Coke to Donate $1M for Recycling in Nat'l Parks

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With an estimated 25 million visitors annually, the National Mall in Washington D.C. sees a lot of action. Not only is it host to countless events year round, but it is also host to trash – almost 8,000 pounds every day.

While it has never had a recycling program, Coca-Cola is rising to the occasion and sponsoring a $1.1 million program to bring recycling to the National Mall and other national parks, along with the National Park Service, the National Park Foundation and the Trust for the National Mall.

Beginning with a study of how much of the trash can be recycled or reused (along with a down payment from Coke of $500,000), the program is set to launch by October this year. According to the Washington Business Journal, this initiative “supports the Interior Department’s goal of diverting 50 percent of solid waste from landfills through recycling by 2010.”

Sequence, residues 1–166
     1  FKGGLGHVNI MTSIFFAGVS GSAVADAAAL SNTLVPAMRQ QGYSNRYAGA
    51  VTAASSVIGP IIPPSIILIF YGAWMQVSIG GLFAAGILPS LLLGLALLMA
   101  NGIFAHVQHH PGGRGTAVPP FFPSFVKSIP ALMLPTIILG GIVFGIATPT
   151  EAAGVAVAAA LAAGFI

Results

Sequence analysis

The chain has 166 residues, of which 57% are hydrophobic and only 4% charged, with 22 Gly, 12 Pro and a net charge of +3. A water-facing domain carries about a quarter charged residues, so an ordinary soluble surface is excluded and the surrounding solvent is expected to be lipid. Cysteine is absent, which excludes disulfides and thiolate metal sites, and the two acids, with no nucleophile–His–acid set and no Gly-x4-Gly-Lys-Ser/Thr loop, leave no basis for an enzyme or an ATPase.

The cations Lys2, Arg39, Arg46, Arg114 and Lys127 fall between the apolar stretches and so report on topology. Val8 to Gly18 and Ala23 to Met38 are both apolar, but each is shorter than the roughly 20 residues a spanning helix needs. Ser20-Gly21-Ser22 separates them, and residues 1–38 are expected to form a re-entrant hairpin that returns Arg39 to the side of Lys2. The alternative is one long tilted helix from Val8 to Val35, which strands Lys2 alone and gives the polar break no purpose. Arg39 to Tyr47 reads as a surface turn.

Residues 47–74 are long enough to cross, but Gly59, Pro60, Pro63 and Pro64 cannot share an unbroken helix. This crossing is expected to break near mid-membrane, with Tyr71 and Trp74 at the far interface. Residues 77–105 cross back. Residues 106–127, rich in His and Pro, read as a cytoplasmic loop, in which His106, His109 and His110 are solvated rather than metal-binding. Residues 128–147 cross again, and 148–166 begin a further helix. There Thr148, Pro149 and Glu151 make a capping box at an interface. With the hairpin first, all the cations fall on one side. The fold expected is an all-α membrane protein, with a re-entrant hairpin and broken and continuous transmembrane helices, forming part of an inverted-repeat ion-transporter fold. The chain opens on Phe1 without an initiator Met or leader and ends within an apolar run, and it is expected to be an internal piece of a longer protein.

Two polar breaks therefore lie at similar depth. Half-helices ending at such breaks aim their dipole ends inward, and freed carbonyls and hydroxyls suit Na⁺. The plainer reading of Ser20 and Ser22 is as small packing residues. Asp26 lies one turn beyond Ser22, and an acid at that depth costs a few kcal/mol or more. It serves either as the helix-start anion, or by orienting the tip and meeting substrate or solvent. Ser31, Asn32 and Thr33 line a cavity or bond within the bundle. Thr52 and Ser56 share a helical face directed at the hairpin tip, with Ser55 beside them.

“This is the icon of democracy, and it should reflect the best practices that we have to offer as a country,” says Caroline Cunningham, president of the Trust for the National Mall, a nonprofit group that raises private money to support the mall’s upkeep.

Trash from this year's Presidential Inauguration overflows on the National Mall. Photo: Flickr.com, Alexis Matsui

Trash from this year's Presidential Inauguration overflows on the National Mall. Photo: Flickr/Alexis Matsui

The remaining $600,000 from Coke’s budget will support enhanced trail programs and recycling in seven national parks, including:

  • George Washington Memorial Parkway
  • Indiana Dunes National Lakeshore
  • Great Smoky Mountains National Park
  • Overmountain Victory National Historic Trail
  • Chattahoochee River National Recreation Area
  • Golden Gate National Recreation Area
  • Olympic National Park

“What Coke brings as a company is expertise in recycling and also expertise in large events,” Cunningham adds. “There are these immense events we have on an annual basis.”

According to the Associated Press, each year the National mall receives more visitors than Yosemite, Yellowstone and the Grand Canyon combined.

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